There is nothing in the Bank of Canada’s market-moving statements last week to indicate an interest rate hike is imminent, but investors aren’t taking chances.
The central bank’s next decision on July 12 is now a toss up, with traders assigning a 50 percent chance of an increase. Before Governor Stephen Poloz and his top deputy Carolyn Wilkins talked openly about the prospect of raising rates, odds were close to zero for a July hike and investors hadn’t priced in a full 25 basis point increase until the end of 2018.
Why the sudden urgency?
Part of the explanation may be that after being caught short by Poloz in the past, investors have become “twice shy” with the bank. The last time Poloz changed direction on rates — in January 2015 — he went from a change in tone (a deputy’s speech) to an interest rate cut in a matter of eight days. The cut was unanticipated and investors complained about message confusion.
Compared to that move, Poloz can reasonably argue he’s left investors plenty of time to ponder a rate increase.
“We got a rate cut surprise in January 2015 with very little softening up of the ground,” said Michael Gregory, an economist at Bank of Montreal. “Therefore the Bank of Canada is saying, ‘We may or may not go in July, probably won’t, but if we do be warned.”’
In fact, by choosing to soften the ground last week during a deputy’s speech, Poloz is only fueling speculation he’s itching to move. If he wanted to raise rates later this year, then he could have set the stage at next month’s decision, which coincides with new quarterly forecasts and a press conference.
This is a central banker, after all, who has a reputation for being accommodative, and who only a few months ago was talking about rate cuts. By the time his seven-year term is done, Poloz will probably have kept borrowing costs on average at lower levels than any of his eight predecessors — a legacy shared by many of his contemporaries in other countries.
“You can argue Steve has been more accommodating, so must feel really confident in the economy’s prospects if he’s itching to go,” said Andrew Spence, head of liquid alternatives at Scotia Institutional Asset Management and a former adviser at the Bank of Canada.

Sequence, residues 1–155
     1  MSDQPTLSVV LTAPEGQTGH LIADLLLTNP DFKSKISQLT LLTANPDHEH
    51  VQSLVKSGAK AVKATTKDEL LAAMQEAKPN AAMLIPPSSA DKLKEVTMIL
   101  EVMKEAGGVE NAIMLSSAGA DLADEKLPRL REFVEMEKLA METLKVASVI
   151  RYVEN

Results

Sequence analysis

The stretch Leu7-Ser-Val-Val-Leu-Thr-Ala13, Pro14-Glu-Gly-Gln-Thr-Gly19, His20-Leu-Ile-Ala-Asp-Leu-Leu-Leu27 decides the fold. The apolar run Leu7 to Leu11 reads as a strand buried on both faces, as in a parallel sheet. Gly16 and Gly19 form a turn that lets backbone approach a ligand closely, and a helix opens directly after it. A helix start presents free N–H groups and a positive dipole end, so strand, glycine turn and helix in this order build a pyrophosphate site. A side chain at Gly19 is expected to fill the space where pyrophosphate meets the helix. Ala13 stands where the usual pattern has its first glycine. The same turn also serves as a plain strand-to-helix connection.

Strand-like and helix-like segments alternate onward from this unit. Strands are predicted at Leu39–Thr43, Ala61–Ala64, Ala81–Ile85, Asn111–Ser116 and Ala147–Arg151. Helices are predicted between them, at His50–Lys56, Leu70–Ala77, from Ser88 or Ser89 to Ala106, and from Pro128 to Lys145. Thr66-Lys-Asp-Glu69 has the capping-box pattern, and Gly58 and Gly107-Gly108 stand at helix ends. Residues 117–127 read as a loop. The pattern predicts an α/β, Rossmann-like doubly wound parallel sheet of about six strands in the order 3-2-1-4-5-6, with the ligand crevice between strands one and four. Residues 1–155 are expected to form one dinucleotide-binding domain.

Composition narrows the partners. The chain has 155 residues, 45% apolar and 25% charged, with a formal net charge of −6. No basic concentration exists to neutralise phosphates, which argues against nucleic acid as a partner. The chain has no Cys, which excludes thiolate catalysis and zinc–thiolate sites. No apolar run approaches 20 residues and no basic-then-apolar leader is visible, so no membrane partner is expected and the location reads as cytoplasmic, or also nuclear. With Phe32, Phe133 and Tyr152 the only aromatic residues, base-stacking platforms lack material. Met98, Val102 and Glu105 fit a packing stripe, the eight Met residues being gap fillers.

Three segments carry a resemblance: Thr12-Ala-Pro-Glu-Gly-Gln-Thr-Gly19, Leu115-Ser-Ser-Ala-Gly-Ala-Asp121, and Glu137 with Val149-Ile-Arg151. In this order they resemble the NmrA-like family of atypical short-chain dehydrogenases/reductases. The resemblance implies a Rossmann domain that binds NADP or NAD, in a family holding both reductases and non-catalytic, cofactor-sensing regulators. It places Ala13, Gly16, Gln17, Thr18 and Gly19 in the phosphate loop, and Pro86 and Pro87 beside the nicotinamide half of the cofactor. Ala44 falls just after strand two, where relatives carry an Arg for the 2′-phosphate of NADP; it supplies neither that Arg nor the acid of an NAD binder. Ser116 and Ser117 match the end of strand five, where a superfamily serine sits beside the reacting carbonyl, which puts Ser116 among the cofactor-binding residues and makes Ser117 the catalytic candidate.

In other words, the fact Poloz has moved so quickly into what is for him uncharted territory may be a signal he’s determined to move. Talk of higher rates may suggest an underlying change has taken place.
Tightening Bias I
Of course, just because there’s a particular bias, it doesn’t mean rates will move in that direction. A lot depends on what inflation does. Take 2013 as an example.
When he took over at the Bank of Canada in June of that year, Poloz inherited a tightening bias from his predecessor, Mark Carney. But it didn’t last long as inflation continued to remain sluggish.
At his first rate decision six weeks later, Poloz kept the bias but toned it down. In October, amid a deteriorating global growth outlook, Poloz dropped the bias altogether.
That year, quarterly GDP growth was robust, averaging 3.6 percent, but inflation was hovering around 1 percent. Inflation concerns won the day. (Not surprising given the Bank of Canada’s mandate.)
Today, it’s a similar story. In the last three quarters, growth has averaged 3.5 percent, while inflation is running at just 1.5 percent.
That’s why last week’s changes were such a surprise, given how much inflation does matter. Could the new language mean the central bank’s modeling — at the current pace of growth — is beginning to forecast inflation well beyond the Bank of Canada’s 2 percent target.
As recently as May, the bank said low inflation was a sign of the economy’s excess slack. In her June 12 speech, Wilkins said it measured the “lagged effects” of excess capacity.
That’s a big change in three weeks, and makes consumer price inflation data due Friday — the last set before the July 12 decision — particularly important.